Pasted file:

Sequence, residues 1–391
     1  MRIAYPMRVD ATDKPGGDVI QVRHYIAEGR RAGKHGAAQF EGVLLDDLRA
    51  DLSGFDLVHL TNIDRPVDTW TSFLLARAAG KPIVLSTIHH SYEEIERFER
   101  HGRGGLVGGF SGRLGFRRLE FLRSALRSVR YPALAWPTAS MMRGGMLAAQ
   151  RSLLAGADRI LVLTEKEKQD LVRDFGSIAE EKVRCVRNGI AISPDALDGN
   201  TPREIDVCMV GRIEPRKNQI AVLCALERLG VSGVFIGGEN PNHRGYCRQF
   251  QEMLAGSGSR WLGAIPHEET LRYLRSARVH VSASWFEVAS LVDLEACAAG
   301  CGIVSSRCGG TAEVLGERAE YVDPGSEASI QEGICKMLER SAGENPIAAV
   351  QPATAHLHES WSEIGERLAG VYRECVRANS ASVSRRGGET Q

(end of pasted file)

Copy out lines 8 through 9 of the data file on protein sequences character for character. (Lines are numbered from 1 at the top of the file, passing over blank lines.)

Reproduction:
   301  CGIVSSRCGG TAEVLGERAE YVDPGSEASI QEGICKMLER SAGENPIAAV
   351  QPATAHLHES WSEIGERLAG VYRECVRANS ASVSRRGGET Q